On Friday, January 25, 2013 at 10:05, Loïc Antoine-Gombeaud wrote:
That’s really interesting, thank you for your answer. I’m going to digress
here, but you’ve made me even more curious: is it common for open-source
projects to implement features that benefit one user / group of users’
requirements, but not necessarily all of them? How is that decision made:
is it a conscious, group-approved decision, or does it just “happen”?
That’s a very general question. Open Source software can be anything whose
source anyone has opened to the world.
Sometimes it’s Wordpress, sometimes it’s a bash script to bootstrap my
Unix user. The former is built thinking about all the users, the latter is
built for myself. The reason why I might open my own scripts is that other
people might benefit from what I did in some way – learning, applying
similar design decisions, etc. Many people think of FOSS (Free and Open
Source Software) as something that someone created to “scratch their own
itch”, and many projects do start like that.
You have all sorts of shades in between those two extremes.
I’m at the very beginning of my career and have never dabbled in
open-source before, I must say I’m quite impressed by what a community of
people scattered around the world can achieve, even knowing that there is
often a core of developers based in the same physical place.
It is certainly incredible, specially when those projects are not directly
(or even indirectly) backed by a company. I’d suggest you read more about
the history and current state of the Linux kernel and the Debian project.
While reading about Debian, do search for their Social Contract and other
What would be a good reference for getting to know those work mechanisms
Mailing lists, blogs, IRC, user groups, github, DuckDuckGo
Look for local user groups on topics of interest and make contributions to
the communities. Github is your friend. That’ll send you a long way.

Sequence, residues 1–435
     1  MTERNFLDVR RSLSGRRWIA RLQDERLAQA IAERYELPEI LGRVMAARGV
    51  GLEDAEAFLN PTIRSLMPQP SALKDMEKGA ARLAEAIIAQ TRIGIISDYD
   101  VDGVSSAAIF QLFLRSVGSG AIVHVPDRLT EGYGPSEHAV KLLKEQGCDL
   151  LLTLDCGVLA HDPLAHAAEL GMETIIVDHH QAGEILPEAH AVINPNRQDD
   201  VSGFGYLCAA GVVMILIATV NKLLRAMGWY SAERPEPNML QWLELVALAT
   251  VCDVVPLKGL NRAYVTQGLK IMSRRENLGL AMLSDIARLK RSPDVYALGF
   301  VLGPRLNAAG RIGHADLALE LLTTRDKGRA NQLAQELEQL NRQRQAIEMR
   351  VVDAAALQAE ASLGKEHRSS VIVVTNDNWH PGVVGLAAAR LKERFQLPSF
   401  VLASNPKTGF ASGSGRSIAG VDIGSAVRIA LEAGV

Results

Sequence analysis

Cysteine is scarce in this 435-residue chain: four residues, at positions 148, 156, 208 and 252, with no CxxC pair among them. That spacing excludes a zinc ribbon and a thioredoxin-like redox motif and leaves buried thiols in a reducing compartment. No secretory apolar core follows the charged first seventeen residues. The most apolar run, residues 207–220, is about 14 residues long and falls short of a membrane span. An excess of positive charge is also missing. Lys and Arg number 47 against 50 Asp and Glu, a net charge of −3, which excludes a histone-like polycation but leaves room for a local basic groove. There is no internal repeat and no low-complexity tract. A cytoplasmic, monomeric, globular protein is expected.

And, of course, pub talks with fellow geeks!
On Thu, Jan 24, 2013 at 5:09 PM, Daniel DeLeo firstname.lastname@example.org wrote:
On Thursday, January 24, 2013 at 6:42 AM, Loïc Antoine-Gombeaud wrote:
can somebody explain the rationale behind deployment callbacks, also
called deployment hooks ? More precisely, I understand their purpose
quite well (and use them myself), however I don’t understand why they
should be stored in the application code base instead of inside the
According to Scalarium documentation , it is an inherited Capistrano
behaviour, but that doesn’t answer the question of location AFAICT.
The reasons I’m asking are the following:
- it’s a pain to maintain deployment code in two distinct repositories, and
- I’m just curious
The deploy resource is a port of an earlier project that provided
Capistrano-style deployment for Chef, developed and used at Engine Yard,
and the intention was to provide compatibility with that implementation.
You can imagine that in an Engine Yard type scenario, you may be able to
fill in all the parameters to the deploy resource from information you have
in a database or with sane defaults for your environment, while allowing
some custom functionality via hooks that live in the code repo.
If you don’t want to keep the callback code separate, you can just give
blocks of Chef code to the callbacks instead of looking up the files.
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